Understandably, a big sigh of release was heard when a husband or other patriarch declared a child a member of the family. I can well imagine the tension in the household being physically oppressive in the weeks and days leading up to the birth. When Paul speaks of a spirit of slavery and spirit of fear and oppression, it’s that spirit that I hear as a student of Greek and Roman culture, in particular. I know it’s hard for us to imagine family dysfunction in other families because our own families have no subscriptions or issues, but can you imagine someone with whom you had a fight making that decision? Can you imagine an estranged relationship playing into that decision to keep or expose a child?
Dads, and God, of course, were not done. Being named a child was one thing. Being named an heir, though, was quite another! I know, you all know the stories about how emperors would play family members against one another. It seems cruel and mean-spirited by our standards. But being made heir of the patriarch was, at least locally, as important as being made an heir to the emperor. Heirs were educated. Heirs were trained. Certain legal rights were bestowed upon them at the naming. Perhaps most importantly, of course, was the fact that the heir would receive the power and influence and wealth of the patriarch when he finally died. Oh, and lest we forget, daughters could not be heirs. Daughters could not inherit any of the rights, privileges, or benefits available to a son. Daughters were often viewed as a drain on the family. Dowries were provided to marry them off, to shift the burden of them to someone else.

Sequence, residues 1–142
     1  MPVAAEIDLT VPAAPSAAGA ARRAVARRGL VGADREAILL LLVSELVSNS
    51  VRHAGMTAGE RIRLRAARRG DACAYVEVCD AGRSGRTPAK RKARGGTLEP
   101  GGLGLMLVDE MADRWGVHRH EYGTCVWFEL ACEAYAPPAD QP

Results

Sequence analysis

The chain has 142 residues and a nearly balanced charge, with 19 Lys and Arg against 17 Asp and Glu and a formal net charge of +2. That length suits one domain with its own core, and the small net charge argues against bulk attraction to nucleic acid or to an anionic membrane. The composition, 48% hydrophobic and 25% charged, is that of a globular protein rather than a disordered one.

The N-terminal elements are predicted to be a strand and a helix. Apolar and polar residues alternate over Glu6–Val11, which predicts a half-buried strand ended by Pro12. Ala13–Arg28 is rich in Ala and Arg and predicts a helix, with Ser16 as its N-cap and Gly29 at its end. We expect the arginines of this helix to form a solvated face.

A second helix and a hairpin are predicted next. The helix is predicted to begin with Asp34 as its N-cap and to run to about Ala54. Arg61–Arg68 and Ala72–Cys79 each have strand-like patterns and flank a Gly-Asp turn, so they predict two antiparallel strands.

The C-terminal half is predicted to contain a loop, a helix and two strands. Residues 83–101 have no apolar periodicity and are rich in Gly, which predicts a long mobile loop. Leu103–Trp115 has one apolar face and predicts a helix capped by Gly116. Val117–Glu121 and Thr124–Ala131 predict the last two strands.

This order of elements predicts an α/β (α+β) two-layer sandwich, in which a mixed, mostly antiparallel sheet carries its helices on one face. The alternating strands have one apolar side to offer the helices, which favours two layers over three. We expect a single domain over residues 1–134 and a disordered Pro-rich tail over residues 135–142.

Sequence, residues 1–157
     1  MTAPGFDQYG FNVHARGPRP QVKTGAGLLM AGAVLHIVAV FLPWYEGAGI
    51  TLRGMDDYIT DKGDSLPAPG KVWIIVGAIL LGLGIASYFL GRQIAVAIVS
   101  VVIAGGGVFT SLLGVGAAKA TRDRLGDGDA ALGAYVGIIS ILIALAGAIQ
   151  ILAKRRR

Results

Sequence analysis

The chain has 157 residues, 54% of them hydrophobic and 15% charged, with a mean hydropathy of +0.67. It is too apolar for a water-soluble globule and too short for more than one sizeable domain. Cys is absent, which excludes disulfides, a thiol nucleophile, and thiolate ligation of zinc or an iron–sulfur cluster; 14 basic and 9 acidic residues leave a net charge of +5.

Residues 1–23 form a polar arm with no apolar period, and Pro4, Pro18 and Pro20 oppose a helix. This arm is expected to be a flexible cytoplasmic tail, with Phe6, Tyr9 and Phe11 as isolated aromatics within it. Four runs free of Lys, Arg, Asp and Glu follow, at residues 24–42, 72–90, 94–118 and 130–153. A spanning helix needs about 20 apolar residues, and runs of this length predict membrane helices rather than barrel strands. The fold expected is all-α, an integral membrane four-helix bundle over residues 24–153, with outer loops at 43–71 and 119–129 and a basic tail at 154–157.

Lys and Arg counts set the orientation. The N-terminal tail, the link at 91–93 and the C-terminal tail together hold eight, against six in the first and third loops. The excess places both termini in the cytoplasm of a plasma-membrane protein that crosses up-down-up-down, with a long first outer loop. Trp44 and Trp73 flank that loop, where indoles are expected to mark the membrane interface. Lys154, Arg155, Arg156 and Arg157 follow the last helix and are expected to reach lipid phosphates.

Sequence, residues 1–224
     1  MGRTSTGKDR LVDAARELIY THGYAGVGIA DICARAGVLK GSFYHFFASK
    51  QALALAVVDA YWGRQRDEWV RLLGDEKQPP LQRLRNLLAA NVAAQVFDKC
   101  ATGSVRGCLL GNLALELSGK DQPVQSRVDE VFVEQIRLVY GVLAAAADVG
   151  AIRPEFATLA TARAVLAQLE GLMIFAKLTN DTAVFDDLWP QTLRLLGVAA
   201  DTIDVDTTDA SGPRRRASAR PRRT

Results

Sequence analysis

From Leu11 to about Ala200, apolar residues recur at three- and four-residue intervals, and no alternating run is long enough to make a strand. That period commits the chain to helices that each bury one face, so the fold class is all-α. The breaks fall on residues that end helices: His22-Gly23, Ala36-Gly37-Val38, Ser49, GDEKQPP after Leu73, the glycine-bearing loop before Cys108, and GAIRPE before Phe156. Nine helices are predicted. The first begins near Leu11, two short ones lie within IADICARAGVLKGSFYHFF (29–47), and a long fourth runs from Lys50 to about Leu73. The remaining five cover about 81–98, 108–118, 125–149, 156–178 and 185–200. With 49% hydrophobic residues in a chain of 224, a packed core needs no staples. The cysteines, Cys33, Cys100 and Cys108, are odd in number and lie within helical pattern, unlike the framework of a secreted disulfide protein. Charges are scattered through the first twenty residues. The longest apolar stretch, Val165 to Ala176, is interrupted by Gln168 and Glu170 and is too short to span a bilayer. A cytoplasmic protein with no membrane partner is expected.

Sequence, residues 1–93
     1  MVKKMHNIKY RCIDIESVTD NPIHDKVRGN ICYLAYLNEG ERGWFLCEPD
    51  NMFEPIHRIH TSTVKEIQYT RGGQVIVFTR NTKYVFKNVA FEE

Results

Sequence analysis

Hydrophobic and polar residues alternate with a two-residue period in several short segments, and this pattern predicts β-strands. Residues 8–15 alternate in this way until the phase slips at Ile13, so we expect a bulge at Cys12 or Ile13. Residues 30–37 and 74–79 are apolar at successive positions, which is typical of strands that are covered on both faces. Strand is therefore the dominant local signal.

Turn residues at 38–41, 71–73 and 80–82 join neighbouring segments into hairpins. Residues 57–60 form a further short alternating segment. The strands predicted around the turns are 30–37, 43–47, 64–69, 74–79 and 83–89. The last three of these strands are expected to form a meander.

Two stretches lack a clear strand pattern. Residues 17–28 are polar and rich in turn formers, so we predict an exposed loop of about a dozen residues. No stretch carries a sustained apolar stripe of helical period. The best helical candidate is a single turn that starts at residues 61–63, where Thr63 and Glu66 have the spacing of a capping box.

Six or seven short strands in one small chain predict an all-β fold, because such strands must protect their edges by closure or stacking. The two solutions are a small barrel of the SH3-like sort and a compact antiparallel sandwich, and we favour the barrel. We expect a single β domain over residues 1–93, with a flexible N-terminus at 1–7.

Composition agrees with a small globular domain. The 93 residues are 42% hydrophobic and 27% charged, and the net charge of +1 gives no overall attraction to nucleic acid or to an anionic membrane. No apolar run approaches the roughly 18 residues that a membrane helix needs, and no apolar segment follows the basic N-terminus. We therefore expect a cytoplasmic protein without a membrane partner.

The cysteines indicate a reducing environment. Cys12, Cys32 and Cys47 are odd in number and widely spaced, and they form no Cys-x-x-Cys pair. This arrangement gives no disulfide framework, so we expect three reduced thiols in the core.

And I get that what I have shared with you was especially true of the aristocracy. The more powerful you were in Rome, the more these social conventions governed your behavior. But, as today, the rich and famous unduly influenced those beneath them. Just like so many today were particular designers or fragrances or follow particular diets because of the endorsement of the rich and famous, commoners wanted to be like those who ruled them.